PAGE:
appearance of the place, and so we claimed some three hundred acres of it and stuck our “notices” on a tree. It was yellow pine timber land—a dense forest of trees a hundred feet high and from one to five feet through at the butt. It was necessary to fence our property or we could not hold it. That is to say, it was necessary to cut down trees here and there and make them fall in such a way as to form a sort of enclosure (with pretty wide gaps in it). We cut down three trees apiece, and found it such heart-breaking work that we decided to “rest our case” on those; if they held the property, well and good; if they didn’t, let the property spill out through the gaps and go; it was no use to work ourselves to death merely to save a few acres of land. Next day we came back to build a house—for a house was also necessary, in order to hold the property.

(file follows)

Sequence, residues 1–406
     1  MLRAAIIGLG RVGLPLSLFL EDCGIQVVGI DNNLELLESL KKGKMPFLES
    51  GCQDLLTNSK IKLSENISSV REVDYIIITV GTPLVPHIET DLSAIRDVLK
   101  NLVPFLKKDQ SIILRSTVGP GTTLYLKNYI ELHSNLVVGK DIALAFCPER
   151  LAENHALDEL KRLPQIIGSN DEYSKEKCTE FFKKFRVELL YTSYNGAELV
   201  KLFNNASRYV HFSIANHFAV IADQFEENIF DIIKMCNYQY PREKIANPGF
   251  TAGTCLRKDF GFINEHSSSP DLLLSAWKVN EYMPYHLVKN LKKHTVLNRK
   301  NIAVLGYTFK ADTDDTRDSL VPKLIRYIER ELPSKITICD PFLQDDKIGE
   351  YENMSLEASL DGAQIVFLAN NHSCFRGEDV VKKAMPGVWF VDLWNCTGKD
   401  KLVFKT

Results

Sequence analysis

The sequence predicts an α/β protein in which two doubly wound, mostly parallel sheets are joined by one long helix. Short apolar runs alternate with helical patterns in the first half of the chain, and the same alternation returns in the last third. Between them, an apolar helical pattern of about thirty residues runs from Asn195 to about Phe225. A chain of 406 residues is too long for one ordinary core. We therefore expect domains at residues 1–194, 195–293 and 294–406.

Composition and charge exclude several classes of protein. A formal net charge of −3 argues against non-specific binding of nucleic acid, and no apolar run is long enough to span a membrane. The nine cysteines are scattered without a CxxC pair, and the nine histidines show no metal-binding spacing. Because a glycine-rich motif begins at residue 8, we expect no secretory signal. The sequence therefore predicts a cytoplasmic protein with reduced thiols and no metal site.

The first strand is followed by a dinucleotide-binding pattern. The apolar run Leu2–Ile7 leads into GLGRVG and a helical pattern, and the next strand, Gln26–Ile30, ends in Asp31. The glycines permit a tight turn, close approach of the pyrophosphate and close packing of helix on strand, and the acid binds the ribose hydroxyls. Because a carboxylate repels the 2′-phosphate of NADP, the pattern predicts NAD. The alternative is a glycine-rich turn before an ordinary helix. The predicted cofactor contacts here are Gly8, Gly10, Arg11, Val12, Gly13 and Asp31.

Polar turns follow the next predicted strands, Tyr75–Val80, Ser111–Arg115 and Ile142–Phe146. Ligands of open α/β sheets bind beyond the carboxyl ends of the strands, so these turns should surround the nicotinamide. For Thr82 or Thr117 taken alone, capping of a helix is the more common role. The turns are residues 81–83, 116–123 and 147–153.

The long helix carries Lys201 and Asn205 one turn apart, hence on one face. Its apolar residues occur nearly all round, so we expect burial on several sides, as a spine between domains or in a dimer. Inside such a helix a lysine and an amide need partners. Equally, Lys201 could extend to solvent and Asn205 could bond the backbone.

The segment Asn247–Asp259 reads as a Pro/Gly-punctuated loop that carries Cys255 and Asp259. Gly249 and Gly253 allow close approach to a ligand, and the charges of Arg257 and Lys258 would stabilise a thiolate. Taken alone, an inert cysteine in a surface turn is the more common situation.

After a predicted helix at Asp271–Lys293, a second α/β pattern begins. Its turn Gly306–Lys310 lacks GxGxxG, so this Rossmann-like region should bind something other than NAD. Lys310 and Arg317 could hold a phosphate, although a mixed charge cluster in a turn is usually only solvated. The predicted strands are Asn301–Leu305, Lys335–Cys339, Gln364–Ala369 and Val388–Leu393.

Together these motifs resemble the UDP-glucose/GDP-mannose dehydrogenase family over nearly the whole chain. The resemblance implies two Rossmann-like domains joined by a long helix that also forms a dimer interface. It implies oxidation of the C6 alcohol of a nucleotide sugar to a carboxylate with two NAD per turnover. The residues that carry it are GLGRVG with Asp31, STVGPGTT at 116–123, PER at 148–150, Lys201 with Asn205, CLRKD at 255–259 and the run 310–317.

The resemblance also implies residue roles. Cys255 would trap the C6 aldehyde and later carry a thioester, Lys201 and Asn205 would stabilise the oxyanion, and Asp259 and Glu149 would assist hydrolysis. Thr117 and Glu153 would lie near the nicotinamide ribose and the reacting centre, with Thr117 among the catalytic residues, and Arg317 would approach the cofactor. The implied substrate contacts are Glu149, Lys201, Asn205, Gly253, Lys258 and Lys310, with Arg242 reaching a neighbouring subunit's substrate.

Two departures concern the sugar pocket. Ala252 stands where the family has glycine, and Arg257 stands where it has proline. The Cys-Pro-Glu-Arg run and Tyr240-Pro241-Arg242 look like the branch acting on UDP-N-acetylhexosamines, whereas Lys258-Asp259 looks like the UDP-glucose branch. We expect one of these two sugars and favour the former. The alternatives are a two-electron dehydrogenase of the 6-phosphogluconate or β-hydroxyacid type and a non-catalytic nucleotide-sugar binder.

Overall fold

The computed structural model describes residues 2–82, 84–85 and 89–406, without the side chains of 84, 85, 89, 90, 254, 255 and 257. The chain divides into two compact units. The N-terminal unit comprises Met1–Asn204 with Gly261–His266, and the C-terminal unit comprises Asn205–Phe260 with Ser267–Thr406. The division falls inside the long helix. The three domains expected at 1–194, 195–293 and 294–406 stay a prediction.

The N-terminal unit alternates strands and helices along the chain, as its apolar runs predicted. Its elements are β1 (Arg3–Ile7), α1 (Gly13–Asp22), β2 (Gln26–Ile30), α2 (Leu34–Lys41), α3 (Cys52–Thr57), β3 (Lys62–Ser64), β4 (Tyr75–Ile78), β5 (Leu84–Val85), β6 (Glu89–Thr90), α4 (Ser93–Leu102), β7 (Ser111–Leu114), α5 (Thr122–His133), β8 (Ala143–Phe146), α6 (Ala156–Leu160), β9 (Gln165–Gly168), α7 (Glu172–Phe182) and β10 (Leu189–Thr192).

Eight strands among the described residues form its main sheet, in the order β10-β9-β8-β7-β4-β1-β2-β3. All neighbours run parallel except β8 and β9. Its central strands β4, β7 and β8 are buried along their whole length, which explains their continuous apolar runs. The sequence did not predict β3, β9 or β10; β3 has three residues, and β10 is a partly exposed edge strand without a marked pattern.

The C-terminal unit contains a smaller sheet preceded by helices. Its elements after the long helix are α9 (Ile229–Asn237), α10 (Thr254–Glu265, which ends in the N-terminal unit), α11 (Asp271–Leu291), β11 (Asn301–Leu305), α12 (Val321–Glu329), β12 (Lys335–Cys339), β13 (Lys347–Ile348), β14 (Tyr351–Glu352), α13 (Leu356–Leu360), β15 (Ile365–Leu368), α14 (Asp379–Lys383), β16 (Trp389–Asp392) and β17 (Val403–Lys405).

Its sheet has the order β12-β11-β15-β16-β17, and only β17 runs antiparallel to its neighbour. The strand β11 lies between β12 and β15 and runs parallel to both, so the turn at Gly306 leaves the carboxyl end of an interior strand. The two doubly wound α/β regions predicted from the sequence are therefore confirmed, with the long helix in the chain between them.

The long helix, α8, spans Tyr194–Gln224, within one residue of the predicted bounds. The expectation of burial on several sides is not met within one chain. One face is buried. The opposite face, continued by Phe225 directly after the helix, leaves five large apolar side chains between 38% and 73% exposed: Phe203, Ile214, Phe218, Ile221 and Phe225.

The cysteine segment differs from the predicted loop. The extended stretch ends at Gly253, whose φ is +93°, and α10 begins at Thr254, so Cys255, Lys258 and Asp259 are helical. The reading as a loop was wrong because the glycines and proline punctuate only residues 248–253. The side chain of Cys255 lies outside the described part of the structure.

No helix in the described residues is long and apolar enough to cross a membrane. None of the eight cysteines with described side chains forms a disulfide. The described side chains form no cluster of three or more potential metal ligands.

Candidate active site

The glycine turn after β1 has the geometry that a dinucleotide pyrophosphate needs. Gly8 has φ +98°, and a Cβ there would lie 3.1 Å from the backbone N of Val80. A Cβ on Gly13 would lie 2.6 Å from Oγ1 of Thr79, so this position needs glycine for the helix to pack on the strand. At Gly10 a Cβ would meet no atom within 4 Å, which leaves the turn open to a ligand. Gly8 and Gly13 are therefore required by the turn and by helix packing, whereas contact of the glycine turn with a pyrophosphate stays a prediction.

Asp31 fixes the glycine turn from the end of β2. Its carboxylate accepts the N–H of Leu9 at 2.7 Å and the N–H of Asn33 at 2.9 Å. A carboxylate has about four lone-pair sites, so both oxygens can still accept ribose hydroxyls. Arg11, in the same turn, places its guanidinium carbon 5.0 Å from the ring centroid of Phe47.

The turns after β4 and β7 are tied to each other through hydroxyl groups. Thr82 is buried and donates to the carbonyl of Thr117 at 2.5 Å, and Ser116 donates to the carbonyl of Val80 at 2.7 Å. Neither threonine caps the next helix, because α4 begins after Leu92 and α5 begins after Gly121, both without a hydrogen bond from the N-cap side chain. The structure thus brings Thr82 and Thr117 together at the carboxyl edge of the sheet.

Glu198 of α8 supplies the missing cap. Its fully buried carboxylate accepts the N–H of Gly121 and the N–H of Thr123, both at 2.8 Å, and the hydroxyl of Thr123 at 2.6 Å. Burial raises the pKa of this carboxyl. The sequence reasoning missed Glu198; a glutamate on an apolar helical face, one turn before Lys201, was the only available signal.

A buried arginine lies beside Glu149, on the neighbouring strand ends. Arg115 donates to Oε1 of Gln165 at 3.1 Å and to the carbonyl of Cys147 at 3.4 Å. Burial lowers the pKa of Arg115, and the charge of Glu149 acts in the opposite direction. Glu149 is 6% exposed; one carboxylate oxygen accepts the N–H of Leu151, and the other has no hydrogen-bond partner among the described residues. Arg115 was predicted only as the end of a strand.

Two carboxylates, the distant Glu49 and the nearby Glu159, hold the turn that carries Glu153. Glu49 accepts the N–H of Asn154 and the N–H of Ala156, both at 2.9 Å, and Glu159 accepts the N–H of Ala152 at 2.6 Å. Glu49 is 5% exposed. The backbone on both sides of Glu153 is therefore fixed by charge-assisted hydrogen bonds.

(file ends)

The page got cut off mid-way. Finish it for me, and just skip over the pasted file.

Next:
We decided to build a substantial log- house and